He was referred to Duke Medical Center but has met a roadblock with insurance.
“People started calling, and Duke was putting them on hold because my insurance won’t pay,” Hodges said. “Duke is like pumping the brakes. We finally got people calling, and now you’re turning them down. … That’s the frustrating part. My health right now is good enough where I’m not really worried about that. It’s the part that we finally got people calling, we’ve finally got people motivated to want to help.”
Hodges urges people to continue to call. Anyone wishing to be tested as a match must give Hodges’ full name — Rodney Brandon Hodges — and birthday — May 30, 1975.
The number is 919-613-7777.
“Don’t stop calling,” he said. “Burn their phone up, burn ‘em up.”
Leaning on faith
Hodges said he is often asked how he remains positive and seems happy given his circumstances. His answer is simple.
“I have all the faith in God that it’s going to work out, that I’m going to get a donor,” he said. “But I don’t want it to be about me, and everybody I talk to is like, ‘You don’t understand, it is you.’ I told them, ‘I want people to see God in me.’ I want them to see how I handle it with God’s help.
“He’s helping me through this whole thing, and He’s been by my side from day one,” Hodges said. “I didn’t understand that at an early age until I got saved when I was 20-something years old. But from the time I was 20 years old until now He’s been right there with me through this whole thing, and He’s going to continue to be. That’s what I want people to see.”
Hodges said facing a personal trial has only strengthened his faith and can’t imagine how anyone endures a crisis without it.
“Having faith is the most important part,” he said. “Someone not having God and having to deal with this, I don’t know how they do it, could not fathom in my mind how they do it without Him. We’re going to get through it. God’s got a plan. We’re going to see what happens.”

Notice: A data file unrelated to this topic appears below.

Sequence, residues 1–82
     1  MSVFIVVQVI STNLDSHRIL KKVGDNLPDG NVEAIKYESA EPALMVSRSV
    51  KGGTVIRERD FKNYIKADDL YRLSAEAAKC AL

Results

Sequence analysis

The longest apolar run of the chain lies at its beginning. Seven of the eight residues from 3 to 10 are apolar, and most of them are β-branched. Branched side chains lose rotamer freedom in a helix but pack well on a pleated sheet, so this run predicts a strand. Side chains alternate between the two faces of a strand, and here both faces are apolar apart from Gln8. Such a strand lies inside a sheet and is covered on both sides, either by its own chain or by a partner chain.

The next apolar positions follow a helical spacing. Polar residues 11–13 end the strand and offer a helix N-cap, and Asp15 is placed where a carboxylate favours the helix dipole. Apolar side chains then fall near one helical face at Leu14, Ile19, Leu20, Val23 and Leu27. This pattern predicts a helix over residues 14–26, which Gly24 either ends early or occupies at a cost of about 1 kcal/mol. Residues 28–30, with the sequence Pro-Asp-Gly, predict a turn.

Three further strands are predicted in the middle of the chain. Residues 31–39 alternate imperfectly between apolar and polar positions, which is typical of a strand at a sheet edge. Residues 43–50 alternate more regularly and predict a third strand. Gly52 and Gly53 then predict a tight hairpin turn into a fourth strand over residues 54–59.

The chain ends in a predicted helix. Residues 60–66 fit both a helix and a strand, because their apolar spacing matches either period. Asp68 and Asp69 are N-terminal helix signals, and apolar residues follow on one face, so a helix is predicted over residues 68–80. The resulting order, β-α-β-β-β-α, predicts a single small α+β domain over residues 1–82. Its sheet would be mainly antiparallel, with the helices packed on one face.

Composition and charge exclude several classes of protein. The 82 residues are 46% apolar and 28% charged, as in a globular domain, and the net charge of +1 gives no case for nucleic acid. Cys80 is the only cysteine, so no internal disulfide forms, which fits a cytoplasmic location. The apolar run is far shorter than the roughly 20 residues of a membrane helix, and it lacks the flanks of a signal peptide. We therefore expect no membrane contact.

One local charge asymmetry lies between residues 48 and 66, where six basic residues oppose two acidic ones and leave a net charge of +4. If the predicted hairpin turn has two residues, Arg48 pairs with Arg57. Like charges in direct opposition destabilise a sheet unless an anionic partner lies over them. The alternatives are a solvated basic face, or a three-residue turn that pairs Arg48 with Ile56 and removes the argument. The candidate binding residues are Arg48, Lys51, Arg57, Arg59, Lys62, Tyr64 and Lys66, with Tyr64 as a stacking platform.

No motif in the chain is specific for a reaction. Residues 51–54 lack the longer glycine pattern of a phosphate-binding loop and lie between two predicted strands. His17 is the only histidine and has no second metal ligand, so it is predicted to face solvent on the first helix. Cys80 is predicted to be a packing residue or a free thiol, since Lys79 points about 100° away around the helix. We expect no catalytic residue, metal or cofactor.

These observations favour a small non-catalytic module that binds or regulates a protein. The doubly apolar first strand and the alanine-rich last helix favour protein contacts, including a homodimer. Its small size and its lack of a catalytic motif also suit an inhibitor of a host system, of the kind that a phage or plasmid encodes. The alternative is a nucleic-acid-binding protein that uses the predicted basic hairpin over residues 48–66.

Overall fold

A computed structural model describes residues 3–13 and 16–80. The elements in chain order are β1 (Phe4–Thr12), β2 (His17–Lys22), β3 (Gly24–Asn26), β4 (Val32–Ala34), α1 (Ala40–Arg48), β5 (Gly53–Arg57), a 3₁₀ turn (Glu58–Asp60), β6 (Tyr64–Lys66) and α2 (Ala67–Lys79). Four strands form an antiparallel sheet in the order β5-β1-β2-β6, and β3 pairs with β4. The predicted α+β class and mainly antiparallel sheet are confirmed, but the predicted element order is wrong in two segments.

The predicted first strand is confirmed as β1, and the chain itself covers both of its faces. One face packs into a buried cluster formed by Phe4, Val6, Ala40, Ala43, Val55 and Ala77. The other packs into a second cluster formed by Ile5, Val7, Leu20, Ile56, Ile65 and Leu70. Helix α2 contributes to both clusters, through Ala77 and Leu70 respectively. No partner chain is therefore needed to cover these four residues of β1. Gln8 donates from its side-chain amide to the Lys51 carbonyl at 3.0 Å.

Prayers and support from his church family at Unity Church in Greenville, from friends and former players, teammates and fellow coaches help boost his spirits. But day to day, the encouragement he gets at home sustains him.
“My wife, Anna, she keeps me grounded,” he said. “We go day by day. We take Monday, we do Monday. We take Tuesday, we’ll do Tuesday. That’s how we’ve been doing it since I was given the news earlier in the year. It’s worked out pretty good.
“My children have been great. They understand what Daddy’s getting ready to go through and the help I need from them and the help that Mama needs from them. It’s been fun for me to watch how my two have responded to this. … I’m almost eating it up in a roundabout way.”
So even when he doesn’t feel like the old Brandon, he tries not so show it.
“I tell people a lot of times, you’ve got to fake it to make it,” he said. “Some days I fake it to make it. It’s not a lot of days, but some days during the week
you’ve just got to go. You can’t stop; you’ve got to go. I’ve got two kids to raise, and I can’t stop doing that.
“It’s been a whirlwind of emotions. Some days, to be honest with you, I could cry. But other days I’m upbeat I’m happy like I always am.”